In patients with DM, mobilization of HSCs is impaired when G-CSF is used in the mobilization protocols [61-64]. The use of plerixafor in the mobilization protocols overcomes the impaired HSC mobilization caused by hyperglycemia in patients with DM [61,64]. Also, studies have shown that: (1) BM-derived MSCs are better tolerated and more effective than BM-mononuclear cells for increasing limb perfusion and promoting healing of foot ulcers in patients with DM and critical limb ischemia, and (2) the success of cellular therapy is independent of the number of MSCs present in the BM aspirate used in autologous stem cell therapy [65,66]. Hyperglycemia, DM and metabolic syndrome are well known complications of HSCT particularly the allogeneic forms [67-69]. In recipients of HSCT, hyperglycemia and uncontrolled DM have been reported to be associated with an adverse outcome as they contribute to early and higher morbidity and mortality mainly due to infectious complications [69,70].

There have been several reports on transient resolution or even complete remission of psoriasis and other autoimmune disorders (AIDs) such as rheumatoid arthritis following either auto-HSCT or allogeneic transplantation performed for patients with various malignant hematological diseases [71-74]. Recently, considerable advances have been made in our understanding of the immunology of AIDs and their treatment with HSCT [75]. Several animal studies and human clinical trials have provided convincing evidence that following HSCT, the immune system is normalized or reset [75]. More than 3000 HSCT procedures for severe AIDs have been performed worldwide and the published clinical trials that included sufficient follow-up have demonstrated safety and efficacy of HSCT for AIDs [75,76]. However, the most beneficial effects of stem cell therapies in AIDs are those performed for severe refractory AIDs, particularly systemic sclerosis where a randomized clinical trial has shown significant long-term PFS benefit of HSCT [75-77].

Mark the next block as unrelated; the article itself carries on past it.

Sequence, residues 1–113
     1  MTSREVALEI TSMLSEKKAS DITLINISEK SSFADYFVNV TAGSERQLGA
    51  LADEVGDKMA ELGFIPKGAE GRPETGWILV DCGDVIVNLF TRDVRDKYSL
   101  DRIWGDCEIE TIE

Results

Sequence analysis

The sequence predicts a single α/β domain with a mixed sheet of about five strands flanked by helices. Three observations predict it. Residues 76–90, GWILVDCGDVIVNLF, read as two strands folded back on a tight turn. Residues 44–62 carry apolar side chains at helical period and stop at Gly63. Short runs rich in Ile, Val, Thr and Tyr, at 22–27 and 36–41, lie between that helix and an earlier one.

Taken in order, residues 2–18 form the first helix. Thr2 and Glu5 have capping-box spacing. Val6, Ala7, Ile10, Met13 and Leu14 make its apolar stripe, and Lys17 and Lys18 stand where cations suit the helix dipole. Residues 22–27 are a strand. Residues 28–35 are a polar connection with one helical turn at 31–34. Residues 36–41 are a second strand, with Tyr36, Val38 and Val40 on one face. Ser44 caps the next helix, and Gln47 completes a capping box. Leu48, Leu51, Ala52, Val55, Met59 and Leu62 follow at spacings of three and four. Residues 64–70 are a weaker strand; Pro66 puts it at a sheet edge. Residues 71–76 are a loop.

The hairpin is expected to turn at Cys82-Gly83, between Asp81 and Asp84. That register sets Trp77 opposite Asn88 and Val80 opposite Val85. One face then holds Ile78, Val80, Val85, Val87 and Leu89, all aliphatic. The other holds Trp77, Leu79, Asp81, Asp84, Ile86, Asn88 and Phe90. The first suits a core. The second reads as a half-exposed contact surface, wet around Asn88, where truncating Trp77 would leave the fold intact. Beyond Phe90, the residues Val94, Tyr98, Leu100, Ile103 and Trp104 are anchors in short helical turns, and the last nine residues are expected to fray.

DM affects millions of people worldwide and is associated with serious complications that affect all body organs [78-80]. The available therapeutic modalities for DM include: diet and lifestyle modifications, oral hypoglycemic agents, insulin injections and islet cell transplantation [79,81,82]. The efficacy of auto- HSCT for type 1 DM was first reported in the year 2007 [83]. Since then, several studies have confirmed not only the safety but also the efficacy of this procedure in both types of DM [83-86]. The combination of high-dose immunosuppressive therapy and HSC infusions function synergistically to: downregulate the autoreactive T-cells, renew the immune system and improve the immune regulatory networks. Also, this combination has been shown to induce insulin independence in patients with type 1 DM [84-87].